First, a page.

There are several ways to measure helicopter performance. Top speed, range and acceleration are probably familiar to car drivers. However, other factors like *hover ceiling* and *loiter time* may not be familiar to the average person. Below we will explore these and other metrics for helicopter performance. We will also discuss properties of power consumption, which is important for many of these performance metrics.

The hover ceiling is the maximum altitude at which a helicopter can hover. At higher altitudes air is less dense which makes both the rotor and engine less efficient – more power is required by the rotor and less power is available from the engine(s). A chart like the one below may be used to specify the hover ceiling. It shows the maximum pressure altitude that a helicopter can hover as a function of weight and temperature. Air density is the important value governing hover ceiling, but pressure altitude and temperature are more readily available. Together these two values mostly determine the density. Charts typically use weight on the horizontal axis and pressure altitude on the vertical axis, as shown below. Notice separate lines in the chart for each temperature - higher temperatures correspond to lower air density and therefore lower pressure altitude.

A few notes about this performance chart. This ceiling is out of ground effect (OGE), meaning it's well above the ground. When a helicopter is near the ground the rotor is more efficient and can hover at lower air density (higher pressure attitude). For this reason, two charts like the one above are normally provided: one for in ground effect (IGE) and another for out of ground effect (OGE). A little more about the physics of this is provided below. Also, contrary to what you might guess, a helicopter requires less power with moderate forward speed as explained below. Hence, a helicopter can fly above it's ceiling with speed. Lastly, this ceiling is at maximum continuous power (MCP). Most helicopters can use more power than MCP, as long as this power is limited to a short time period. For example, higher two minute or 30 second power limits are often provided, enabling a pilot to exceed MCP when necessary.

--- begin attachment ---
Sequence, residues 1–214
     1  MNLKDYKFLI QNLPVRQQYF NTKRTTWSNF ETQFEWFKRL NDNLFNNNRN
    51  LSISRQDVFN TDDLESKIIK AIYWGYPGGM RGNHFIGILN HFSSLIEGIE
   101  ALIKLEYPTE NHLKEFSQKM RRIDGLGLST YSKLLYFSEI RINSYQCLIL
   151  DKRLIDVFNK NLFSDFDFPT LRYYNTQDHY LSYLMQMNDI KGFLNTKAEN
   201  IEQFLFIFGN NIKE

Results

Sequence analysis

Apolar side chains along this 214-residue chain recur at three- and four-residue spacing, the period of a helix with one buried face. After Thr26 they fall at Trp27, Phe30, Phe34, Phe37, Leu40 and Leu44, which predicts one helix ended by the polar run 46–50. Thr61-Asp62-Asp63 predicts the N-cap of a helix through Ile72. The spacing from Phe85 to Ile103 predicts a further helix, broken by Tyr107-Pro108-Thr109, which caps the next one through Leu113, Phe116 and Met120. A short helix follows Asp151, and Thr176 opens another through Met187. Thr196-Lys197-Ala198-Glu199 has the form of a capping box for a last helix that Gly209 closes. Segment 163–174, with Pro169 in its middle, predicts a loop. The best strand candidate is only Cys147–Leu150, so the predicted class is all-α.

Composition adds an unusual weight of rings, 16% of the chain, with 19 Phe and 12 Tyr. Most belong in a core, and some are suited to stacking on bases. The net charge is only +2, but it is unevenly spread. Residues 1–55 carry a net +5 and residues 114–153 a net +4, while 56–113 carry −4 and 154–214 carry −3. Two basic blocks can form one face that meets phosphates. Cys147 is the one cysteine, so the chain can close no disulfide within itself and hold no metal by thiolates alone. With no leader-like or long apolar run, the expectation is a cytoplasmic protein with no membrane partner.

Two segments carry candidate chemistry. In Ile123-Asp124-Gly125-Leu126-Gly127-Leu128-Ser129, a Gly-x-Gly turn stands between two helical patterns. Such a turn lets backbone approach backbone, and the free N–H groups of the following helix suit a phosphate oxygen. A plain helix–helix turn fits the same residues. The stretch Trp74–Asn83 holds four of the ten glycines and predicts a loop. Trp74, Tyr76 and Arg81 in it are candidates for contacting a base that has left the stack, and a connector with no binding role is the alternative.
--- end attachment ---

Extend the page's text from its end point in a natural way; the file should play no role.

Hovering requires more power than cruising. Hence, it’s possible to cruise at a given altitude, but not be able to slow and hover there. Why? Aircraft maintain altitude (counteract gravity) by accelerating air downward. In hover, a helicopter is engulfed in this downward flowing column of air. This makes the main rotor less efficient, like a kayaker paddling upstream. The phenomenon is called *induced drag* on the rotor. With forward speed, the helicopter moves out of this column of air, partially accessing less disturbed air in front of it. This reduces induced drag. (The speed of this downward flowing air may be estimated using momentum theory as described here.)

The air thrown down by the helicopter must slow to have no vertical velocity at ground level. When close to the ground, this ends up reducing the downward airflow all the way up to the main rotor. This means induced drag is reduced near the ground and the rotor becomes more efficient. This is the ground effect phenomena previously mentioned. This becomes relevant when the main rotor is within a diameter of the ground, and increases as the rotor gets closer to the ground.